Julius Caesar’s Military Career

Gaius Julius Caesar was a Roman statesman who was best known for being a part of the First Triumvirate with Gnaeus Pompeius Magnus and Marcus Licinius Crassus and for his roles as the dictator and emperor after the end of the triumvirate. 

Early Military Career

In 81 BC, at around 22 years of age, Julius Caesar became a part of the Roman army. Two years later, in 79 BC, Caesar was able to serve as staff for a military legate and saved a person’s life. He was given a civic crown of oak leaves as his award. 

He was deployed by his general on a mission to Nicomedes, who was the king of Bithynia; Caesar was sent to negotiate with him in order to acquire a fleet of ships. Caesar was successful, which positively impacted his military career. Still, he was also the subject of rumors about his possible homosexuality, which he allegedly used to convince Nicomedes to provide ships. After many years of service, in 72 BC, Caesar was elected to be a military tribune. 

Governor of Gaul

Vercingetorix of the Arverni Surrenders to Caesar

In 58 BC, Julius Caesar was appointed as the governor of Gaul. He stayed in Gaul for the next eight years. In need of territory and money, Caesar was able to lead the four legions in the area. There were two provinces in Gaul that were nearby unconquered territory, and Caesar had the means to conquer those places. 

In one area, Rome’s ally, the Aedui tribe, was on the verge of being defeated in the Battle of Magetobriga against the Sequani and Arverni tribes. The Sequani and Arverni tribes had the support of the Germanic Suebi tribe, who were commanded by their king, Ariovistus. 

The Aedui requested help from Julius Caesar through Diviciacus, an Aeduan politician and druid. They needed Rome’s legions to defeat Ariovistus, who had not only massacred the Aedui but were now claiming a good portion of Sequani land after helping the tribe. The Romans feared that Ariovistus would then have the leverage to take over the whole of Gaul. Once Diviciacus had pleaded with Caesar, the governor was able to use this request to appear as a “savior” instead of a “conqueror.” After that, the Romans triumphed over Ariovistus during the Battle of Vosges. The Germani surrendered and retreated to the Rhine. Consequently, Caesar was able to gain control of the entire Gaul territory. 

Caesar’s time in Gaul was spent on military conquests as, at his command, Rome was able to conquer entire modern France and Belgium. Rome was thus able to free of pressure from Gallic invasions. In 55 BC and then in 54 BC, Caesar was also able to complete expeditions to Britain.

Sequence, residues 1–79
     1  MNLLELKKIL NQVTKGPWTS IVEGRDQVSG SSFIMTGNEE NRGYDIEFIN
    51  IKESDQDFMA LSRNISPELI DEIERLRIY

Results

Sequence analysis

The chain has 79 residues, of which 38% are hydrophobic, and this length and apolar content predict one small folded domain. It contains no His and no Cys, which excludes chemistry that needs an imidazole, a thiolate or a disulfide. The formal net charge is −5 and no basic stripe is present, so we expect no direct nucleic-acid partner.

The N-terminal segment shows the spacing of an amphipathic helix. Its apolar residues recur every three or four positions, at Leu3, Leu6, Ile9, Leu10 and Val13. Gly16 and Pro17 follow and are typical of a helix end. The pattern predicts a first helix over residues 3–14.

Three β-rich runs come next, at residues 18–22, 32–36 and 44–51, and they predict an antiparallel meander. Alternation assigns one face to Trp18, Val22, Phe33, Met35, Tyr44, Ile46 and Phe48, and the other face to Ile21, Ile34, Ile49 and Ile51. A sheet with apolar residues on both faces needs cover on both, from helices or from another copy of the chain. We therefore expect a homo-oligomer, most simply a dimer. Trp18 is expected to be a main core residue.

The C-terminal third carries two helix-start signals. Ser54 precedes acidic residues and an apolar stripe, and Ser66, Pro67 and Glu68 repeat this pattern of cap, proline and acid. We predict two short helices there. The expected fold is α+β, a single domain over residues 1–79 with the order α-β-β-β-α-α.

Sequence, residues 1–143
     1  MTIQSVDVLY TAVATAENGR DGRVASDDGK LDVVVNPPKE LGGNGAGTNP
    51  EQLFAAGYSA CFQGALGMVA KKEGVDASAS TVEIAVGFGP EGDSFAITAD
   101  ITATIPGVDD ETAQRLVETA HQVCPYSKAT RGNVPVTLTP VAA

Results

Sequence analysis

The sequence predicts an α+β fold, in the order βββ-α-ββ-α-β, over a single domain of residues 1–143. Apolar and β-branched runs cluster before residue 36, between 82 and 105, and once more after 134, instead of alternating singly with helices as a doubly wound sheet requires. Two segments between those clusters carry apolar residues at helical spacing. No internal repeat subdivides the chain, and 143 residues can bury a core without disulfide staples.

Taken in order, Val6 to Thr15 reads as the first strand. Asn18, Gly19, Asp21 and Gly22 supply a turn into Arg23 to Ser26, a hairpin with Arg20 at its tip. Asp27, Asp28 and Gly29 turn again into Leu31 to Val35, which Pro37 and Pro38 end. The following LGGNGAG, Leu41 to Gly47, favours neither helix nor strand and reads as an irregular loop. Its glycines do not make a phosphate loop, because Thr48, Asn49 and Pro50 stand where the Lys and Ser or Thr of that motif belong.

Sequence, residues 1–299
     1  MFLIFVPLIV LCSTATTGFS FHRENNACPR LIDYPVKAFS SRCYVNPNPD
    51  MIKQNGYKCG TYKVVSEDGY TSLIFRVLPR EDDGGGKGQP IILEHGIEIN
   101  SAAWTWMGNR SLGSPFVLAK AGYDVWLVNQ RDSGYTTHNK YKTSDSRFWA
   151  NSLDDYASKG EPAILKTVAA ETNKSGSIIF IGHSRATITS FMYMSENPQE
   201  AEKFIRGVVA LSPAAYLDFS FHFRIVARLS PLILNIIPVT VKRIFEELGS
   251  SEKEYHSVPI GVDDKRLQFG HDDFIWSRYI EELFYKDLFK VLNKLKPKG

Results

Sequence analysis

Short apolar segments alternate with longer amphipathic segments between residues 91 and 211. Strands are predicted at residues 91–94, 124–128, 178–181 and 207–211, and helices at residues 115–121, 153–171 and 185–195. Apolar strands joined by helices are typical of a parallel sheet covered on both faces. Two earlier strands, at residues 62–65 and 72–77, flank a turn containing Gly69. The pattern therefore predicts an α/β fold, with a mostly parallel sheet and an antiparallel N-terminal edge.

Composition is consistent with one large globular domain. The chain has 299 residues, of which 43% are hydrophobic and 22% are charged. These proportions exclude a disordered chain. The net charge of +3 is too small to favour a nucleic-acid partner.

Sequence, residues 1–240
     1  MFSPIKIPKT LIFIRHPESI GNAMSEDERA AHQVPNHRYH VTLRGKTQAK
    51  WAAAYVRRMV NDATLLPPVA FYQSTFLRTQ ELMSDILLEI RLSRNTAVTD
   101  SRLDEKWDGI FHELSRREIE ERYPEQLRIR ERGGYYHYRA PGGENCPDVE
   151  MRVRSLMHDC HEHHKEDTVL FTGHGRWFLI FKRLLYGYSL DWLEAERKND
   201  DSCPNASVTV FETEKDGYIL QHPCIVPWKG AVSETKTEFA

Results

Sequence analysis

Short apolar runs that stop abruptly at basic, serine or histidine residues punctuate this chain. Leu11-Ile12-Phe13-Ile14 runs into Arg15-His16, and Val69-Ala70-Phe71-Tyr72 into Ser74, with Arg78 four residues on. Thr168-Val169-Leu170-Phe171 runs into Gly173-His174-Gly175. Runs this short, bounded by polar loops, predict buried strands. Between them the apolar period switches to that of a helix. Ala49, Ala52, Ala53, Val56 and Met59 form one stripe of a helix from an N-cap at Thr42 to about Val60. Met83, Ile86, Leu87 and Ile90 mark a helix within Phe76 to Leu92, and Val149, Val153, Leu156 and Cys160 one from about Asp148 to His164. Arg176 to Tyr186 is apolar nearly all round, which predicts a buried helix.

Civil War

The alliance of the prominent politicians Crassus, Pompey, and Caesar called the First Triumvirate was slowly breaking down in 54 BC. Julia, Caesar’s daughter, and Pompey’s wife had died in that same year, weakening their alliance. In 53 BC, Crassus died after battling the Parthians, which also put a strain on Caesar and Pompey’s relationship. The triumvirate disbanded. The following year there was a huge riot in Rome which pushed Pompey to be given the position as the sole consul. Pompey moved to the side of the Optimates, the political group that favored the wealthy aristocrats and the Senate. 

Caesar went back to Italy and marched to Rome, crossing the Rubicon river without ceasing his control over his army. A civil war broke out, and Caesar’s soldiers were victorious against Pompey. Pompey escaped to Egypt in search of refuge upon losing the battle. Instead, he was assassinated in the Egyptian pharaoh Ptolemy XIII’s bid to win over Caesar. 

Caesar went on to become the ruler of Rome, proclaiming himself to be the sole consul and dictator. 

Consul and Dictator

After receiving news of Pompey’s death in Egypt, Caesar commanded that the Egyptians give recompense for Rome’s military assistance during Ptolemy XII’s reign. He also negotiated the civil war between the Egyptian co-rulers of that time, Ptolemy XIII, and Cleopatra VII. Cleopatra VII not only became his lover but also asked for the help of his Roman army to defeat Ptolemy XIII, her brother, husband, and co-ruler. Caesar’s military support eventually resulted in Cleopatra’s victory. 

Caesar left Alexandria and went back to Rome in October 47 BC. He aimed to venture to Africa with his legions in order to battle the Optimates, but they rejected the idea. Caesar was eventually able to convince them to travel to Africa. Despite the challenging battles that took place, Caesar and his troops were able to defeat the opposition in Thapsus. In 46 BC, Caesar arrived back home and celebrated his victories over various groups over the years: the Gauls, Egyptians, Juba, and Pharnaces. 

Caesar’s life ended in 44 BC when he was assassinated while in a meeting with the Senate.